Joyce DiDonato: ‘Lockdown was the sabbatical I really needed, but would never have given myself’

Singer Joyce DiDonato spoke to Henrietta Bredin about gardening, climate change and using music to propagate a topic.

Joyce DiDonato is almost ludicrously aptly named — she is both joyous and in possession of a god-given (donato di dio) voice, a warmly expressive, agile and richly coloured mezzo-soprano. She also has what appear to be boundless supplies of stamina and engagement. The day after singing in the opening night of Handel’s Theodora at the Royal Opera House, she is perched atop the bar in the Floral Hall, posing good naturedly for photographs. Hopping down, she grins, thanks everyone and plunges into conversation.

Where does she get her energy? ‘From the music, from working with amazing colleagues. Also, however difficult it may have been, I’ve been able to profit from the past two years by taking a lot of rest. More than I’ve had in my entire life! I think I instinctively knew that it was the sabbatical I really needed, but probably would never have given myself. Now I am more than ready to be back in the thick of it.’

She has certainly gone into the thick of it, giving a masterclass for the Royal Opera’s young artists’ programme on the evening after Theodora’s dress rehearsal, singing lustrously in that staged oratorio (all four hours of it, including intervals) and preparing for the tour of her latest project, EDEN.

“Natalia Osipova was astounding as Juliet. I didn’t breathe for the entire third act”

From the relish with which she examined the role of Iago in Verdi’s Otello during that masterclass, I suspect her of being a closet would-be baritone. ‘Ha! Well I have always thought I’d love to sing Scarpia,’ she says. ‘But really, I’m so glad I’m a mezzo-soprano because I’ve been able to take on such a huge variety of roles, from young men and boys to princesses and sorceresses, to queens and villains and killers. They’ve grown up alongside me, from Cherubino, a hormonally explosive adolescent, in Le nozze di Figaro, to powerful, real women who make their own choices — Semiramide and Agrippina and Didon in Berlioz’s The Trojans.

‘What is essential to me is to live the role, not merely to play it. We went to see the Royal Ballet in Romeo and Juliet. Natalia Osipova was astounding as Juliet. I didn’t breathe for the entire third act. My partner is a ballet dancer and he is the most critical person to go along with, but even he thought it was one of the best things he’d ever seen. I forgot she was dancing, I was just with her, I was feeling her. And that’s what I want from any performance, my own or someone else’s.’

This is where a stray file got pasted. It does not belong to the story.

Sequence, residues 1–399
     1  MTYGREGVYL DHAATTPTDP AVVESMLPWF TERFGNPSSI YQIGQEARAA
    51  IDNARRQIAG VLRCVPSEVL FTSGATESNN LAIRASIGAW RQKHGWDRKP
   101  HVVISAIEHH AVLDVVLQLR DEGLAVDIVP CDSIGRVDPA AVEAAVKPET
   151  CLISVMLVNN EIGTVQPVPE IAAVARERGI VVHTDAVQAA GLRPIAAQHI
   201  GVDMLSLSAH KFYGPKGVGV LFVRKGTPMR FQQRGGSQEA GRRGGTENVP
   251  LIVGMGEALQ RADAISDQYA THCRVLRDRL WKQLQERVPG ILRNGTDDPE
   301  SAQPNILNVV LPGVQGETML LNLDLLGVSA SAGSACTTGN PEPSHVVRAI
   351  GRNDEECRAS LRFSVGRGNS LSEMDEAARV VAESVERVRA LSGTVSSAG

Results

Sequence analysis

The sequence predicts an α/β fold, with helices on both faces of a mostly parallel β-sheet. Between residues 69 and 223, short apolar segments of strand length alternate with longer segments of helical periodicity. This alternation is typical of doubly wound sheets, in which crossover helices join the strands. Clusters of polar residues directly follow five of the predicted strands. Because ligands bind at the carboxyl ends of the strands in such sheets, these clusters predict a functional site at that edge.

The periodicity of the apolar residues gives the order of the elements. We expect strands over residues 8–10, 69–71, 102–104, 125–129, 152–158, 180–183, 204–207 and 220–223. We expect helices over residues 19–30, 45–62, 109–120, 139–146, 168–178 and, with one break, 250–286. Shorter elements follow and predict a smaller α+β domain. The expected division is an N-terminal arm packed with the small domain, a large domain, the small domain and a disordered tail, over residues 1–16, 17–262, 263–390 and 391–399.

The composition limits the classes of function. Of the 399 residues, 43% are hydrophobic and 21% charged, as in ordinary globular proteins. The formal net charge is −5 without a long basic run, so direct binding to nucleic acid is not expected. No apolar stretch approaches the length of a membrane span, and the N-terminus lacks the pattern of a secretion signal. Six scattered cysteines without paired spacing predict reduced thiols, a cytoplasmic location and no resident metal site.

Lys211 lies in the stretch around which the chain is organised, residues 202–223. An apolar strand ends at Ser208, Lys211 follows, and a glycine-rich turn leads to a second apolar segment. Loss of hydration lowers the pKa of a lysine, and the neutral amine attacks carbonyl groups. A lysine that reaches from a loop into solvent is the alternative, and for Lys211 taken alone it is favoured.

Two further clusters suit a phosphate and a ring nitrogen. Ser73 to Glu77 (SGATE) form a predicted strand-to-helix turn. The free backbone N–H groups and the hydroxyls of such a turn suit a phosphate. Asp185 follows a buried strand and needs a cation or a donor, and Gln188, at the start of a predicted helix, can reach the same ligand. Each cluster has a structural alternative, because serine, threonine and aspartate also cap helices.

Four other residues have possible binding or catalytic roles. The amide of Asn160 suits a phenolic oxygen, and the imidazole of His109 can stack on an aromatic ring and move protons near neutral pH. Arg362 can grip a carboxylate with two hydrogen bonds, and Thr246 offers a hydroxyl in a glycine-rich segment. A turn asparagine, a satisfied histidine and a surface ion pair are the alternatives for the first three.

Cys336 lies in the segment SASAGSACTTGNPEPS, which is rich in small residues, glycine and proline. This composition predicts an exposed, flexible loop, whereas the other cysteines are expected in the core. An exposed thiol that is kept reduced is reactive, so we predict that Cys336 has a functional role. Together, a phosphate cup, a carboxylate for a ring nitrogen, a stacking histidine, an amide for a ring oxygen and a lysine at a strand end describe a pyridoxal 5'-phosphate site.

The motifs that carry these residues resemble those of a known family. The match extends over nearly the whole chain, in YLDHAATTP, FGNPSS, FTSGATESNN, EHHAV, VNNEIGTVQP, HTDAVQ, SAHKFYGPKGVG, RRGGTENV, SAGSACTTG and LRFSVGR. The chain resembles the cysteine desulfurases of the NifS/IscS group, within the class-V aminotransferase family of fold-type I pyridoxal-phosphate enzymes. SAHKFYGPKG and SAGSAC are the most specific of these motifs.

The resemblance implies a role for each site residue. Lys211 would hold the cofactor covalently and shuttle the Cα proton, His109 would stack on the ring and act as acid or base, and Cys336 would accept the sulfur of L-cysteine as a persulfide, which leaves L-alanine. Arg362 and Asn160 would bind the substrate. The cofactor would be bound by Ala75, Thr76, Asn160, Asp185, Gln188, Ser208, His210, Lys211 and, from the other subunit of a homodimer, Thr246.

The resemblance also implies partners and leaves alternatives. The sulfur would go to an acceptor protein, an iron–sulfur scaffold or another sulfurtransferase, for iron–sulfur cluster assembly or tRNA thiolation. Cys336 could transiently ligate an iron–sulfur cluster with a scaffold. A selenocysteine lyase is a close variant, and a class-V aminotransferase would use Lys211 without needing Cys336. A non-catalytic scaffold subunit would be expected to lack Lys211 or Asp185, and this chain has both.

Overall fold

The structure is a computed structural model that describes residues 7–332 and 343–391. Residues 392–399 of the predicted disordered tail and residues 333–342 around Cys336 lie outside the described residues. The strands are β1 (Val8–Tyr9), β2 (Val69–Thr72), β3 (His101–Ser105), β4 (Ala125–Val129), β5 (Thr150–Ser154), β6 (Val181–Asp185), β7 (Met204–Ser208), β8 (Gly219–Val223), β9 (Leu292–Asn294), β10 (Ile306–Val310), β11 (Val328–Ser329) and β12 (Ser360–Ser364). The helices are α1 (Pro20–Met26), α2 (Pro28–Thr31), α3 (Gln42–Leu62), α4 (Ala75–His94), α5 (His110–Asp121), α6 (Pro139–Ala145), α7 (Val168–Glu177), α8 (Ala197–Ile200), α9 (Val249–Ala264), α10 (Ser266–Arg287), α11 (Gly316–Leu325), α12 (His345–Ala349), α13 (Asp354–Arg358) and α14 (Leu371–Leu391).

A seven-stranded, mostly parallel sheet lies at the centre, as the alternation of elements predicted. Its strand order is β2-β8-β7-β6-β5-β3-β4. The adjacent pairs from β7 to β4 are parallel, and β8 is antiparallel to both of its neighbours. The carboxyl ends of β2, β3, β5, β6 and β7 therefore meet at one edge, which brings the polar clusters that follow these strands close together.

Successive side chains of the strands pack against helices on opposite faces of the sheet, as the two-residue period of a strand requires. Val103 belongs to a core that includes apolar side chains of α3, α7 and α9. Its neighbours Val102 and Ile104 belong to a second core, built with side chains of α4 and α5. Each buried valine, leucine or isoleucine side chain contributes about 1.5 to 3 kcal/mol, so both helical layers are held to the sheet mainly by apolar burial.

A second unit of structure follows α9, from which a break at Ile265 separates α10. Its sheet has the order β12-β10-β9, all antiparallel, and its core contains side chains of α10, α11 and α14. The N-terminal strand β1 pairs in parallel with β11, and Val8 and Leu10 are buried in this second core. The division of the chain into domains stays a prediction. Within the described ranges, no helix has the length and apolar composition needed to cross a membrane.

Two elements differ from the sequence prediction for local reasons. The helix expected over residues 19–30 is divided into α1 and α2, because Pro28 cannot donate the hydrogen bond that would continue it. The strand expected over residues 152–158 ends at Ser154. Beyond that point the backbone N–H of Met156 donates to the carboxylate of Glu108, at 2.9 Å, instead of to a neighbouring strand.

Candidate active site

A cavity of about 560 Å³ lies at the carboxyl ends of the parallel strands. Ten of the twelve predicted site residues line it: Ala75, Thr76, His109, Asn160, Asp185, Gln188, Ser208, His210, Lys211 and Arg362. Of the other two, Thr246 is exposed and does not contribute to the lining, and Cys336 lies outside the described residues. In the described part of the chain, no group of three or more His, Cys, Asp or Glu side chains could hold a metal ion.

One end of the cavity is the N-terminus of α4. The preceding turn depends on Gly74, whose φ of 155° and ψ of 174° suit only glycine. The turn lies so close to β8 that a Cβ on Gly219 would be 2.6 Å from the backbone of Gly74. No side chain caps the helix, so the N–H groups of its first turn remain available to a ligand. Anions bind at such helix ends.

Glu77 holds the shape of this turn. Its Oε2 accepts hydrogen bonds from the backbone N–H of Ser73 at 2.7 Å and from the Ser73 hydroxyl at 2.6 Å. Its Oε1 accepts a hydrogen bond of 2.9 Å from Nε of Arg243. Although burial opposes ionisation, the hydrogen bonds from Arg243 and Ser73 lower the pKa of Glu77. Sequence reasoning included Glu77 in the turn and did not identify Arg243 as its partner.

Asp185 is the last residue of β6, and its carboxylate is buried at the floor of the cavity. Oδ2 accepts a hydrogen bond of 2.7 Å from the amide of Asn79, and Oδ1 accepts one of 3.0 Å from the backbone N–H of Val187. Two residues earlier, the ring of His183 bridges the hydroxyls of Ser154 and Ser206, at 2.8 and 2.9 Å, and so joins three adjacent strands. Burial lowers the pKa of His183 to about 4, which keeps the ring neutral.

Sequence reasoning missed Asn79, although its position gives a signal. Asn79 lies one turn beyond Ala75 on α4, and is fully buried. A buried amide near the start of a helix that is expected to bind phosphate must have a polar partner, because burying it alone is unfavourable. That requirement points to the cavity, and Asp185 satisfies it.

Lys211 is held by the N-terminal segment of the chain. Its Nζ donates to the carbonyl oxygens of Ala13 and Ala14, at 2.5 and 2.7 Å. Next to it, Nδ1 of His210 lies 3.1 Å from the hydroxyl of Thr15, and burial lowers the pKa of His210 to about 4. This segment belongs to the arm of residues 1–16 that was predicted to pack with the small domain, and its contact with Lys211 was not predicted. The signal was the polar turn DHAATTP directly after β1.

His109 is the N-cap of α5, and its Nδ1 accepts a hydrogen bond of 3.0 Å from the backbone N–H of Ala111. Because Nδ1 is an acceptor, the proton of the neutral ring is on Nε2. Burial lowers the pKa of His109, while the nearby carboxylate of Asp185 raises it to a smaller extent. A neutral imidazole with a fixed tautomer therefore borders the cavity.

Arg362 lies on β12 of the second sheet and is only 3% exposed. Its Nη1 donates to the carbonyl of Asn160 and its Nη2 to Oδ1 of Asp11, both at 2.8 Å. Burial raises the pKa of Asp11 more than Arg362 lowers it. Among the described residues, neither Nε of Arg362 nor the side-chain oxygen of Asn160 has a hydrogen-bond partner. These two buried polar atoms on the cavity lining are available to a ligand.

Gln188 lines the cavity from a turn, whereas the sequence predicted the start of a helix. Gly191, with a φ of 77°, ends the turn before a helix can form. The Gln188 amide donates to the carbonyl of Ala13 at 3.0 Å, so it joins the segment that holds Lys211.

Miss DiDonato lives just outside Barcelona on a little plot of land. ‘I spent the past two years weeding! It was kind of an abandoned lot when we moved in, so we took months clearing it and then planting bulbs, probably about 6,000 of them. They’re coming up right now and I’m not there to see them, which is very frustrating. We’ve got oranges, pomegranates, lemons and lots of veggies. I have my own garden and it’s the thing I most needed in my life that I had no idea I needed.’

Time spent close to the land has fed into her plans for EDEN, which she began to think about five years ago, but which has needed a long gestation period. Her creative collaborators are the conductor Maxim Emelyanychev and Giulio d’Alessio, founder of Il Pomo d’Oro music ensemble. ‘Giulio is like my musical brother. We spur each other on and whenever I’ve come to him with a crazy idea, he’s agreed with it and gone one step further. We both knew after our last project, In War & Peace, that there had to be more. Not a sequel but a way of building on the formula of using our music to elevate a topic and to challenge the audience.

“As humans, we have to be rooted in exactly the same way as plants and trees, you have to go down to go up”

‘Giulio said immediately: “It’s the climate — that’s what we have to address.” And I said: “Argh, I know you’re right, but that’s scary. It’s so huge — where do we start?” Trying to put Nature on the stage overwhelmed me, the urgency of it all. The whole thing eluded me for a while, I couldn’t get a grip on it, but then I realised that it had to come from the small things. I’d been watching things grow, and noticing tiny changes day by day. That bit-by-bit growth is something we can all manage,’ she observes.

‘As always, I started with the music. I’m so lucky to have been immersed in the elevated poetry and perfection of Mozart and Handel and Strauss and Berlioz — there’s always something bigger than us that we can connect to. When you hear Mahler, you see the mountains, you smell the linden blossom. As humans, we have to be rooted in exactly the same way as plants and trees, you have to go down to go up — that’s where the voice comes from. Look at Rafa Nadal — how grounded he has to be to reach up and slam a tennis serve. It’s exactly the same.’

The EDEN music ranges from Handel and Gluck to Copland and Rachel Portman, reflecting this connection to Nature. Each audi- ence member will be given a seed, provided by Botanic Gardens Conservation International, to take away and plant.

‘My most successful approach to things in life has always been from the positive side and that means I’m sometimes seen as naive,’ she says. ‘But, you know, kids are naive and they have infinite wisdom to teach us, the stuff that’s leached out of us as we’ve grown. I didn’t want to say that we’d plant a tree in Bolivia for every ticket we sold — that erases personal contribution and responsibility. I wanted to say to people: “Here, take this seed, plant it, just do this.” If everyone does, we’ll have thousands more flowers growing in the world.’